The JSD methodology is based on the rules for building models. It uses an approach quite similar to the object-oriented approach including the use of abstraction. It has a well-defined framework for building the model. However, the methodology breaks down for data structures and the relationships that do not possess chronological actions. It is not suitable for small problems due to its intense analysis and the long learning curve. The JSD method is best-suited for large (can be concurrent) systems where events need to be scheduled according to time. Data processing and process control systems are the main domain of applications.

Structured Systems Development

Structured Systems Development (SSD), also called Data Structured Systems Development (DSSD), is based on the design strategy originally developed by Warnier (1976). SSD is based on the data structure-oriented design approach. The central theme of SSD is that the structure of the data will determine the program structure. Thus, precise and accurate identification of the data structures will lead to a well-structured program. The design notations used in SSD are the Warnier-Orr diagrams. (See Appendi x 1). This method starts with analyzing the problem and expressing it in terms of the Warnier-Orr diagram. Orr (1977) has defined SSD as follows :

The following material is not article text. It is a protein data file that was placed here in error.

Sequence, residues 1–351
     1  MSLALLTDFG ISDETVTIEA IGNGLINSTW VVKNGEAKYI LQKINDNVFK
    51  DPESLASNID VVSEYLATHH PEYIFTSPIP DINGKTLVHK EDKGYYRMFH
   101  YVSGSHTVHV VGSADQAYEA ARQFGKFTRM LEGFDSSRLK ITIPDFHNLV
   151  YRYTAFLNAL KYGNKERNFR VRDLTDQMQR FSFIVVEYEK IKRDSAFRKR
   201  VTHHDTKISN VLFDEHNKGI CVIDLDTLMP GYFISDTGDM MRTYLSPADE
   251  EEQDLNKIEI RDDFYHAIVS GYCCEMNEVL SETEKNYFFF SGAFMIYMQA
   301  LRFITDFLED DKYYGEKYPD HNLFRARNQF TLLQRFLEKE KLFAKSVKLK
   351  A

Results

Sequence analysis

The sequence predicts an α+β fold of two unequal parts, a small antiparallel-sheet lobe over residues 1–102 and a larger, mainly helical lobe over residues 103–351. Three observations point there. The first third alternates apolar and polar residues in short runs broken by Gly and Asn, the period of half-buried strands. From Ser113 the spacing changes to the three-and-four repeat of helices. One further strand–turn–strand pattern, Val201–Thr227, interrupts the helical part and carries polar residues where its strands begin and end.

"Structured systems design is a method of logical analysis, design, and development; it can be used on any kind of system with any kind of language, computerized or not ........ something is structured if and only if (1) it is hierarchically organized and (2) the pieces of each function are related to one another either by sequence, alternation, or repetition - the basic forms of logic."